#"Duplicated Column2" = Table.DuplicateColumn(#"Duplicated Column1", "Category", "Method3"),
Buffer = Table.Buffer( #"Duplicated Column2" ),

Method1 = Table.FromRecords( Table.TransformRows( Buffer, each [Index = [Index],
    Category = [Category],
    Method1 = Buffer[Method1]{[Index]}?,
    Method2 = [Method2],
    Method3 = [Method3] ] ) ),

Method2 = Table.FromRecords( Table.TransformRows( Method1, (row) =>
    Record.TransformFields( row,
    {"Method2", each Buffer[Method2]{ row[Index] }? } ) ) ),
    // method offered by Miguel Escobar in comment to previous post

Method3 = Table.ReplaceValue(Method2, each [Method3], each Buffer[Method3]{[Index]}?, Replacer.ReplaceValue, {"Method3"})

File with methods is here.

But which method is faster?


Bar-Mekko chart in Excel with Power Query

Seems, Excel charts is an area that till now wasn’t considered in blogs as a target for Power Query application (Get & Transform in Excel 2016).

Nevertheless, PQ can replace some VBA solutions and make your workbooks macro-free.

In far 2015 my colleague Zoltán Kaszaki-Krsjak shared with me a very good example of how Power Query can help with generation of specific tables for specific charts, which are widely used in our organization.

Idea to write a blog post about this technique became dusty in me OneNote, and probably would wait more if only Jon Peltier hadn’t attracted my attention to this topic again by his recent post.

Sample workbook contains a solution for Bar-Mekko chart (or “variable width column chart”)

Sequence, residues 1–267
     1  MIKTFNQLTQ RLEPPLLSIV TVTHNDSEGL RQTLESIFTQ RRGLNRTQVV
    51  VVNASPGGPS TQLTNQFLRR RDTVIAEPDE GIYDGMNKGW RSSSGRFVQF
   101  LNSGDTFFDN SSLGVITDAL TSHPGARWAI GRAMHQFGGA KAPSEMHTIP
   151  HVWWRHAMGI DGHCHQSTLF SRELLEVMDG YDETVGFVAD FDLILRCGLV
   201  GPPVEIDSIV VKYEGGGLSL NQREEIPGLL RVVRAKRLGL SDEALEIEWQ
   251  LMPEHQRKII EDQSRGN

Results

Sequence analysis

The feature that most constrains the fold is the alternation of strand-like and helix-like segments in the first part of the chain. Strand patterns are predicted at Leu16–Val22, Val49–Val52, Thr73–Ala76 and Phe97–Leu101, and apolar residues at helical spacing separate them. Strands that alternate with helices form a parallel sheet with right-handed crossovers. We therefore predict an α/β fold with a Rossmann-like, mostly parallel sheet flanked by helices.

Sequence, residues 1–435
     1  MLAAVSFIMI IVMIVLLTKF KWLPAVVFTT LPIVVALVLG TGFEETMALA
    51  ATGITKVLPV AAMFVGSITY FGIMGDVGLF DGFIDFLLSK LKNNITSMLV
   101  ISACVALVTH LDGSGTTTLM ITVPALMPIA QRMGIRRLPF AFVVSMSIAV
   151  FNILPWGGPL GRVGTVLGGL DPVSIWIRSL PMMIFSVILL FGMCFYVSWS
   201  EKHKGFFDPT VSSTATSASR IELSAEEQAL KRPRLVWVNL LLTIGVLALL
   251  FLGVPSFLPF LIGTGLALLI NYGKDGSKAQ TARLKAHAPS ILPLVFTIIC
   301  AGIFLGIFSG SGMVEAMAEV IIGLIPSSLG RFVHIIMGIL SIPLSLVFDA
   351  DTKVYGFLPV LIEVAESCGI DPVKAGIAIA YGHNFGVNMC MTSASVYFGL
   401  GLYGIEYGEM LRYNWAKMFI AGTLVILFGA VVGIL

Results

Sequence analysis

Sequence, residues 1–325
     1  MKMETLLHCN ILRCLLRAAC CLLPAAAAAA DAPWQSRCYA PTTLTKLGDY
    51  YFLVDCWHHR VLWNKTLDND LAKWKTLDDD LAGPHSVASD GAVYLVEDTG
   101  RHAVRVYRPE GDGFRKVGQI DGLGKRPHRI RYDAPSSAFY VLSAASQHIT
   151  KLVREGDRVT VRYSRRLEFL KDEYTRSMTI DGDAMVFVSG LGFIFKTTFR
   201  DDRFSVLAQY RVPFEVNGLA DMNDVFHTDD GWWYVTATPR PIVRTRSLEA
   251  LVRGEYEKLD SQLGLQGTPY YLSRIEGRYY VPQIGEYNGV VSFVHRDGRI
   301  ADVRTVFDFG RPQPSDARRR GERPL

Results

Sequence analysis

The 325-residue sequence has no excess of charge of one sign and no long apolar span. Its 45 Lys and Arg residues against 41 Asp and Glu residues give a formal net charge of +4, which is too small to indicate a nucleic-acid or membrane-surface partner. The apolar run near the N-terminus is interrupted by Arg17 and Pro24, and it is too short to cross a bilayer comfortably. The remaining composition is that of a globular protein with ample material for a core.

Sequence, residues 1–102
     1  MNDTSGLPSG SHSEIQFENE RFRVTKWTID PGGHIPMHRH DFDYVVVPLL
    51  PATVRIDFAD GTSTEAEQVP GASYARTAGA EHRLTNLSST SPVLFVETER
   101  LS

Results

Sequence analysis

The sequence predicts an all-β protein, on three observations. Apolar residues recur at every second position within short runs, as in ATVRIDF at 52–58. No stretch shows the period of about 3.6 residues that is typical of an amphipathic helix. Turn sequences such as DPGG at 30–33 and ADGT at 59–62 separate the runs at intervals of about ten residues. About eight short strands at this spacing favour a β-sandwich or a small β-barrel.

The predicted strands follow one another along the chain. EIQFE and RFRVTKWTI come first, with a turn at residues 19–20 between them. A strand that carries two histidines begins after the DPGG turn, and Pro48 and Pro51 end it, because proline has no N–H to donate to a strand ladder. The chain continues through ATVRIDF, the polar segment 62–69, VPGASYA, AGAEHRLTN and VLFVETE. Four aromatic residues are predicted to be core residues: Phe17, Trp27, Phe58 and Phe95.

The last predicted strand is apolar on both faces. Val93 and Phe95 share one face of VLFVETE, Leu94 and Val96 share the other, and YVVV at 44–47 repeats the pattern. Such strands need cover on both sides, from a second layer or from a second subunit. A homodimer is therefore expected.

Such chart allows to easily see share of categories, growth or absolute value. Can be used to compare market segments or productivity of departments / subsidiaries. Red line in this case shows average growth – another small but important detail.

Interested how to build it?


Query folding and dynamic parameters in SQL Queries in Power Query

Before you start reading this article, I recommend you to go through very good post on Ken Puls’s blog – Pass Parameters to SQL Queries.

If it is fine for you to use native queries to database then most probably scenario described below is not so interesting for you.

Here I’ll talk about workaround allowing to use query folding and pass parameters in Power Query without building of native SQL query.

Level: intermediate

Task definition

Generate N workbooks with data models populated with limited data scope.

Then each workbook will be shared with certain group of people, that allowed to see only relevant set of data (e.g. department OPEX of particular subsidiary).

This is dictated by fact, that if you share Excel workbook with someone – user immediately has access to all info inside data model. So, I cannot create one common data model and hide slicer somewhere with activated department. I must prepare separated workbooks.


Data: Table with millions of records in SQL database – main data source for report (query folding required for obvious reasons)

Tools: Excel + Power Query + PowerPivot

Support data: table in Excel, defining datasets – data scopes, let’s call it Control Table


Power Query: Xlsb vs Xlsx

Recently I helped my colleague with a report. The task was to consolidate data from multiple Excel files, each contains 100k-500k rows. Hence, size of each Excel file is relatively big.

I proposed to use xlsb to store those files. One file per month, report needs R24m, so 50 MB is less than 150 MB.

In the end I finished with deep analysis what is better as Excel-files database for Power Query – XLSB or XLSX.


For PQ solutions use XLSX instead of XLSB

PQ from XLSX twice faster than from XLSB